I subscribe to the “multiple pathway” school of thought, i.e. that the more pathways we can create to data stored in our brains, the more readily accessible that data becomes. By “multiple pathways,” I mean that through the use of multiple approaches to learning content, we store it in a way that makes it retrievable via more than one path. Zadina (2011) explains the foundations of the method:
1. the brain activates multiple pathways in learning,
2. brains are very diverse, and
3. we want to teach from a variety of approaches.
I focus on a few key approaches given the subject matter that I generally teach.
We all remember songs that we learned in Kindergarten, e.g. the ABC song. I believe that we store that information in a way that is still retrievable 20 or 30 or 40 years later because of the employment of both sides of the brain in tandem when we learn data put to music. For vocabulary strengthening, liturgy in the target language is also very helpful.
The right brain records the melody, the left brain stores the words, and the brain forms synapses to bridge across the two hemispheres making the information easier to recall. If we remember the melody first, that gives us access to the synapses that lead to the words, or vice versa. By setting information to music, we retain it longer and recall it more easily.
I still, 25 years after last seeing the episode, recall a scene on the television program “Cheers” wherein Coach (the bartender) is going back to school for his G.E.D. and is trying to learn world geography. His studying method includes singing facts about Albania to the tune of “When the Saints go Marchin’ In” —
Albania, Albania: you border on the Adriatic.
Your terrain is mostly mountainous,
And your chief export is salt.
It doesn’t rhyme, and the emphasis in “mountainous” falls on the wrong syllable… but I still remember the data 25 years later.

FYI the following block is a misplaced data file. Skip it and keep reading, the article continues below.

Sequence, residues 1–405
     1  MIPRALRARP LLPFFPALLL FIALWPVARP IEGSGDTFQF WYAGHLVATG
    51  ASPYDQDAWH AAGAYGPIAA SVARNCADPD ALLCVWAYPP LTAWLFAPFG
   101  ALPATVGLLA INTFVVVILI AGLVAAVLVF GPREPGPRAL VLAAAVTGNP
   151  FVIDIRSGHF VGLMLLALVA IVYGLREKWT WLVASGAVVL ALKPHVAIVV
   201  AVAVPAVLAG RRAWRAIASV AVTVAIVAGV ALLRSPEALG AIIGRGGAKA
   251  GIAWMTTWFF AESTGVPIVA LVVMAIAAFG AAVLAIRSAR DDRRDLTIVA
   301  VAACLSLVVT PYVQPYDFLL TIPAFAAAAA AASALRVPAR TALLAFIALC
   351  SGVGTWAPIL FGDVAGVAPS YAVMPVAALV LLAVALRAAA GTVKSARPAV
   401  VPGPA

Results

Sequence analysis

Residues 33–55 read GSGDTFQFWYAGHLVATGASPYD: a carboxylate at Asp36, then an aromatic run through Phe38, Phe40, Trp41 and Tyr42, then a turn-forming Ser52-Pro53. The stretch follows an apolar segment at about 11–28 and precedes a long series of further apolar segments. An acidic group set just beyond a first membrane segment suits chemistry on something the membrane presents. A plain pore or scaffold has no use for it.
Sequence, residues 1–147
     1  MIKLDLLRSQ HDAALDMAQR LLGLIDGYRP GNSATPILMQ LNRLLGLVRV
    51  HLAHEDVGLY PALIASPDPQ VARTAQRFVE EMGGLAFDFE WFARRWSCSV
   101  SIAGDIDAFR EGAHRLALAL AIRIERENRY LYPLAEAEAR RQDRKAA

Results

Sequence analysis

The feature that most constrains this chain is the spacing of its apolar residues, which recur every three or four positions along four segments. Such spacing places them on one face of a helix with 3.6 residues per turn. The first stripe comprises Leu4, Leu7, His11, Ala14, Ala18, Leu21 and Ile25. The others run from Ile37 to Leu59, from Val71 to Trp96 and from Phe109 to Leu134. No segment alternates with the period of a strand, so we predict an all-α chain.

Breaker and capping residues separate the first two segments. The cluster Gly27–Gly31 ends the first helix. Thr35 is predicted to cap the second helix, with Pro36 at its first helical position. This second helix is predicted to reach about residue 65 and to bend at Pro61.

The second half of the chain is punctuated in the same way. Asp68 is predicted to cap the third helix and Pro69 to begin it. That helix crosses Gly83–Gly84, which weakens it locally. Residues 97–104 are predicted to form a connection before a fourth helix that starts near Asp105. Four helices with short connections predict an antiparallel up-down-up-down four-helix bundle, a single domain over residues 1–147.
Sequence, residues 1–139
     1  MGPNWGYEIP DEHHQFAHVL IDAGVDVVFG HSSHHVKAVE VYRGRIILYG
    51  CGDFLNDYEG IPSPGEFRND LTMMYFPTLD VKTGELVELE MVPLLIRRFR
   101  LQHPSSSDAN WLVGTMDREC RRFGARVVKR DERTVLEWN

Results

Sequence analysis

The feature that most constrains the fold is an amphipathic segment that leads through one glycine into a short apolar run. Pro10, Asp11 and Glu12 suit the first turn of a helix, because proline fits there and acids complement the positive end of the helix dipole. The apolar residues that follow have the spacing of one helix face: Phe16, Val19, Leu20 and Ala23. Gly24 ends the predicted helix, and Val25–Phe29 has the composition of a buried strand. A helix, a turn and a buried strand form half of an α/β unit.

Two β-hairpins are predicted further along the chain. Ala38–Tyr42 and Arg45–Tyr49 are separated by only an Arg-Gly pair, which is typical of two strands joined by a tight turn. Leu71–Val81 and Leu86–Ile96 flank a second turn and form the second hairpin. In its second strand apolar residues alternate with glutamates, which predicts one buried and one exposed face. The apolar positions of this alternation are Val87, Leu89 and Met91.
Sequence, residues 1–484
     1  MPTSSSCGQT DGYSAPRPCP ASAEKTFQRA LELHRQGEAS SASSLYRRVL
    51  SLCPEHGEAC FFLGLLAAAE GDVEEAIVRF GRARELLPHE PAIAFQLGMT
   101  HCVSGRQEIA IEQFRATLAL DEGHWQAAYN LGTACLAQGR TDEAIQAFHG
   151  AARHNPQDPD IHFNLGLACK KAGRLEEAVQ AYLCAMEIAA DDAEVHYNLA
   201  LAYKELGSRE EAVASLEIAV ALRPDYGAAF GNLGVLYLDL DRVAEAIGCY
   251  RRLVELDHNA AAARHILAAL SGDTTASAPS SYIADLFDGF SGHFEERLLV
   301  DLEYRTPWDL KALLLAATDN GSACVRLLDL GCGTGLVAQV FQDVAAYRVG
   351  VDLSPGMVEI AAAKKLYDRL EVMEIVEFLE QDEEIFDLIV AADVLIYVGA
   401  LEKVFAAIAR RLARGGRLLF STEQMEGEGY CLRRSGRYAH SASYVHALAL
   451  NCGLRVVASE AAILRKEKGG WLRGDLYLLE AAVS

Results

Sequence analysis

Another way to build multiple pathways to a data set is through the pairing the information one wishes to recall with a related action or movement. This is particularly helpful in the study of foreign languages. I must credit my undergrad Russian and German instructor for introducing me to this.
Rick Bridges at Kalamazoo Valley Community College had his students associate gestures with locative vocabulary, e.g. pointing to something across the room whenever saying da drüben in German or там in Russian (“over there”). I applied the same method to my learning of Hebrew, pointing across the room whenever I say “שָׁם” and pointing down toward my feet when saying “פֹּה” (here).
The application can be made even to more abstract concepts expressed in another language, e.g. touching one’s heart when saying “I feel…” or even learning sign language in tandem with a foreign language and integrating the two.
Commands involving movement are another application of the kinetic approach. A command to “פתוח את הדלת” (open the door) can be followed by the student physically carrying out the command.
Another aspect of language learning that I learned from Rick Bridges is the dramatic approach, i.e. constructing “plug and play” scripts in order to teach aspects of syntax. Bridges would give students dialogues to memorize which used basic structures of the language being taught in order to provide a template for construct application.
The subjects, verbs, and objects could be swapped out with similar forms of other appropriate words from the course vocabulary once the script was committed to memory. As with the Kinetic Approach, “stage blocking” can be helpful in associating movement with vocabulary list items used.
Frontal Lobe Stimulation
In some students, lengthy instructions are not easily processed or retained. This can be true with certain cognitive disabilities or with head trauma cases such as concussions. The key to exercising the frontal lobe in these cases is to use shorter sentences initially, so that analysis tasks are manageable. The frontal lobe is responsible for planning, evaluating, delaying gratification, making good judgments, and analyzing and synthesizing data.
Scholarly Research on the Model
Linnenbrink, Elizabeth A., and Paul R. Pintrich. “Multiple pathways to learning and achievement: The role of goal orientation in fostering adaptive motivation, affect, and cognition.” (2000).
Pintrich, Paul R. “Multiple goals, multiple pathways: The role of goal orientation in learning and achievement.” Journal of educational psychology 92, no. 3 (2000): 544.
- Zadina, Janet. “The Multiple Pathways Model™: Addressing Multiple Pathways in the Brain to Enhance Language Learning.” Idiom 41, no. 3 (Fall 2011); online: http://idiom.nystesol.org/articles/vol39-01.html.